How To Make Sure Your App Idea Has Value
Does Your App Idea Give Your User’s Value?
Over the last several years “there’s an app for that” has become one of the most played out phrases since “just Google it” started making the rounds in the mid 2000’s. All of us Appsters out there probably have lists of ideas for apps that solve problems. And that’s great. The first question to ask when starting any kind of business, be it an app, on the web or in the physical world is, “am I solving a problem with this”, which is kind of the same question as “where’s the value”?
Without value, why am I wasting my time? You might have found a creative way to get attention or come up with a clever hook to get me to download your app and try it out a couple of times, but without value, you won’t keep me there. There are lots of ideas that sound good that you think you’ll use, even once downloaded but never do. There’s just too much competition, not enough real estate on my phone, too many distractions in life and not enough bandwidth in my brain to remember you’re even there in the first place unless I have a reason to keep on coming back regularly. As humans, we get bored easily and move right along to the next thing seamlessly.
Here’s a few tips that will ensure your app has value, and hopefully prevent you from useless app pitfalls.
1. Solve a problem
Solving a problem is absolutely key to creating value. With value you also need to think about monetization and not rely on the “just scale then figure it out” philosophy that is a hit and mostly miss approach. But while we get caught up in function, problem solving and money, we often forget one very important thing Appsters should take into consideration: feeling. As a user, how you make me feel is a big part of the value you’re giving me and the emotions you’re tapping into is what hooks me. It’s brand building 101.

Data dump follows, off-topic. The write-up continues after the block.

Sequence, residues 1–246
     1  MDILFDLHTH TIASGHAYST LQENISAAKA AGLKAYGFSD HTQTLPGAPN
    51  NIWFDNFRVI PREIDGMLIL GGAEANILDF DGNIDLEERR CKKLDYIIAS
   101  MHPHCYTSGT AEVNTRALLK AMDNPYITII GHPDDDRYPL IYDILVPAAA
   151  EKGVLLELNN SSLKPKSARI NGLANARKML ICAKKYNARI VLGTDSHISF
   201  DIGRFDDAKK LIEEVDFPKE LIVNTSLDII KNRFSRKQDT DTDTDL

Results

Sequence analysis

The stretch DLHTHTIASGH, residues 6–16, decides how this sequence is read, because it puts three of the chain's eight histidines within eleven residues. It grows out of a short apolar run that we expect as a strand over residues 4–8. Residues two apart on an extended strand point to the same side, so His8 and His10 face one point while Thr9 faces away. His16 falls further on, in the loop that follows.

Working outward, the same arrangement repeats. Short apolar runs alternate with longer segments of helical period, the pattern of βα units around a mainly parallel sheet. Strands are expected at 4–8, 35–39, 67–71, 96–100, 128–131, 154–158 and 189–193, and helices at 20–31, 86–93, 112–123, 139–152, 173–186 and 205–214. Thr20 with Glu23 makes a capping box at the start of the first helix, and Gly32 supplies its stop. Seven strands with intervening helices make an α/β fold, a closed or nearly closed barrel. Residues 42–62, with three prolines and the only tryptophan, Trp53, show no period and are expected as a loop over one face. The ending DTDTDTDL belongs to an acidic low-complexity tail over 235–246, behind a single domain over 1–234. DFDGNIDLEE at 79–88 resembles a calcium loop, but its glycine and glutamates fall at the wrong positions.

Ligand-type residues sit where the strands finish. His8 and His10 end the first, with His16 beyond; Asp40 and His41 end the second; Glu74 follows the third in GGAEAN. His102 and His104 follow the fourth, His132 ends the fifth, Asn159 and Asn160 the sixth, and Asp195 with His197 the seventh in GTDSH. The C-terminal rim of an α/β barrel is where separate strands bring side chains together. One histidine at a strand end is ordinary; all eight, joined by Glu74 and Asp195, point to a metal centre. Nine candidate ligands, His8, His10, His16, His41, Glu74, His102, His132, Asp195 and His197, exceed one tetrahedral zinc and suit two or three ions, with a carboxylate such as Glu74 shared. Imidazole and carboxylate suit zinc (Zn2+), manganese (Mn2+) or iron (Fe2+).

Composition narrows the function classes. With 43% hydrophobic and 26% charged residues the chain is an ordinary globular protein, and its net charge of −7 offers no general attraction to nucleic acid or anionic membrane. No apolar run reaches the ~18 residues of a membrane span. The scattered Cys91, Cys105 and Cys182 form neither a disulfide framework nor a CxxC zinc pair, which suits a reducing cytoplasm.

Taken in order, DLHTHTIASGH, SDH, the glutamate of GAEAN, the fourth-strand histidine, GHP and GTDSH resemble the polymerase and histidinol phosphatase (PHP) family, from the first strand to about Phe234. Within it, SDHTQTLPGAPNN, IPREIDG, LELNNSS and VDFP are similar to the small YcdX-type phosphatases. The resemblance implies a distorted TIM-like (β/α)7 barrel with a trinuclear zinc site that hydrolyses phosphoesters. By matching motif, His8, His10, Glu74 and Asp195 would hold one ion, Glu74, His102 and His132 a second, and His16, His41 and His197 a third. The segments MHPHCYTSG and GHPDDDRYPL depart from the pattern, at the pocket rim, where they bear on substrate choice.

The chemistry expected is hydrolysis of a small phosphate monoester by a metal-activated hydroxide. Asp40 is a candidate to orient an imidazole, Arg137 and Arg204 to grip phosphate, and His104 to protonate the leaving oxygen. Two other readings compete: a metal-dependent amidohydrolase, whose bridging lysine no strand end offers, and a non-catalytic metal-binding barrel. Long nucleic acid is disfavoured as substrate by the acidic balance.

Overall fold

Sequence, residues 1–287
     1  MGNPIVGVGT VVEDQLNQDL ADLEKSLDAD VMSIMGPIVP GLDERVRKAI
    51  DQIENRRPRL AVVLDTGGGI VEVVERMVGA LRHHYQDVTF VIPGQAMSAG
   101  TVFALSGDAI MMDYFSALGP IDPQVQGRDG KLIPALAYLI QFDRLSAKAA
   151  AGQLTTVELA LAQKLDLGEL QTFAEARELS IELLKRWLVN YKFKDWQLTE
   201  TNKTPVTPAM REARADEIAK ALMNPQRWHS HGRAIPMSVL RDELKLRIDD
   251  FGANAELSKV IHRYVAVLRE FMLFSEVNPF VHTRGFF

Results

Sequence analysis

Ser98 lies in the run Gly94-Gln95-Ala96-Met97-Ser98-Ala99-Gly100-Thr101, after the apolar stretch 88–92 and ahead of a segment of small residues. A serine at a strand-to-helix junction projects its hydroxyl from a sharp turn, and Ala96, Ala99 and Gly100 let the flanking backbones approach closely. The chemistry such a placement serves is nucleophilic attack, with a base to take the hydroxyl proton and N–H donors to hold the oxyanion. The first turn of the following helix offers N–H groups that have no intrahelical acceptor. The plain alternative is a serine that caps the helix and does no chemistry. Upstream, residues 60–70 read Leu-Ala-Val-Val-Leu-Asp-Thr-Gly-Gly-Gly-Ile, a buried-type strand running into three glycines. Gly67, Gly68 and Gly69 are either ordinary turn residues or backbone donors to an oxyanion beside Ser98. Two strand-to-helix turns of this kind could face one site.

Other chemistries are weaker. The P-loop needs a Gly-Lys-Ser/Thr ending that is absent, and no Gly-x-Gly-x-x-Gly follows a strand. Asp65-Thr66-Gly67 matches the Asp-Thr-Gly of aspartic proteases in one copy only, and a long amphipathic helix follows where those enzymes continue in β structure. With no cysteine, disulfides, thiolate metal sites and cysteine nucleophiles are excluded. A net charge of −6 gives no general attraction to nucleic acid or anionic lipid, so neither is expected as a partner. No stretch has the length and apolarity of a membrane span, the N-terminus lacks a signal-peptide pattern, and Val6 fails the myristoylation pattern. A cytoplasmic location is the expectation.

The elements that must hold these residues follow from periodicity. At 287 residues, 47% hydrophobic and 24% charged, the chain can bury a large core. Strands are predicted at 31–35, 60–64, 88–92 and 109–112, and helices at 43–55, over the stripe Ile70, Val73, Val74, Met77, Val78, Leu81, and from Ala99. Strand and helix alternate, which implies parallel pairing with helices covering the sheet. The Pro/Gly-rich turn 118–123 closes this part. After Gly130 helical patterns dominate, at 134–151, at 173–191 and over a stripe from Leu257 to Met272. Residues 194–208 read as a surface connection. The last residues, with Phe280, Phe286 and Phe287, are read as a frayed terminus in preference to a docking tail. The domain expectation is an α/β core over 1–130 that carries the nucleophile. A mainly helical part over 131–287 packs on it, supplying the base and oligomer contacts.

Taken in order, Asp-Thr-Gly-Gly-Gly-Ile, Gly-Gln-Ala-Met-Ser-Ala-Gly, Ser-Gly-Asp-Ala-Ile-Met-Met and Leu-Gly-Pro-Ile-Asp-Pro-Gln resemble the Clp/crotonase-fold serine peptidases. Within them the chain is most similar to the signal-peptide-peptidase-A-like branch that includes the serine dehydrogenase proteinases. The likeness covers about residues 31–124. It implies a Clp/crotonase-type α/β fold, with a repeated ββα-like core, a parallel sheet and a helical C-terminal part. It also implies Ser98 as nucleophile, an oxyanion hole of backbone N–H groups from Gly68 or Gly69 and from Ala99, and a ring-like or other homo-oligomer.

2. Sharing potential
Why do we share things on social media? More often than not we don’t really get anything from it. Or do we?
Haven’t you ever posted something on Facebook just to see how many likes you get? Each like bringing a little grin and feeling of accomplishment and/or validation? That’s instant gratification.
Ever posted pictures on Instagram from the awesome vacation you’re on or checked in on Foursquare from the hottest club in town so you can subconsciously brag that you’re there?
Ever scanned Foursquare lying in bed just to feed your curiosity about where your friends are and imagining how their experiences are going?
Games aren’t just about entertaining yourself while killing a few minutes, but often about a feeling of accomplishment and overcoming challenges. Even productivity apps that are helping solve problems offer relief which is an emotion that you feel. It’s not just about whether your mapping app ultimately helped me get from point A to point B, but you helped me get there more quickly and efficiently, which I feel relieved about because it would have been much tougher without the help of your app.
3. Provoking emotion
The point of taking ‘feeling’ into account seems like an obvious one to make. But especially for up and coming Appsters out there, thinking of an idea that does this for that and then worrying about functionality is not enough unless you’re building the 214th calculator to hit the app store. Building a complete user experience is what’s key and with that, what emotions of the user you’re tapping into is a big part of the equation to keep in mind that often gets overlooked. So when you’re working on your next idea consider basic human needs and emotions like curiosity, instant gratification, challenge, accomplishment, bragging, things like that which really create the stickiness you need if you want to have a big hit….you feel me?
4. Focus in on important features
A pitfall appsters can often fall into is overthinking. They have the capacity to add tons of cool app ideas, and they just want to give the user the best experience possible. However, the best app ideas are the simplest and most effective ones. Keep it simple and focus the key features – or singular feature – making the app worth downloading. Once you start incorporating too many add-ons or ideas, the overall goal can get lost and the UX gets messy and complicated. Remember: people from lots of different age groups will be using this app, and older people in particular may get easily confused.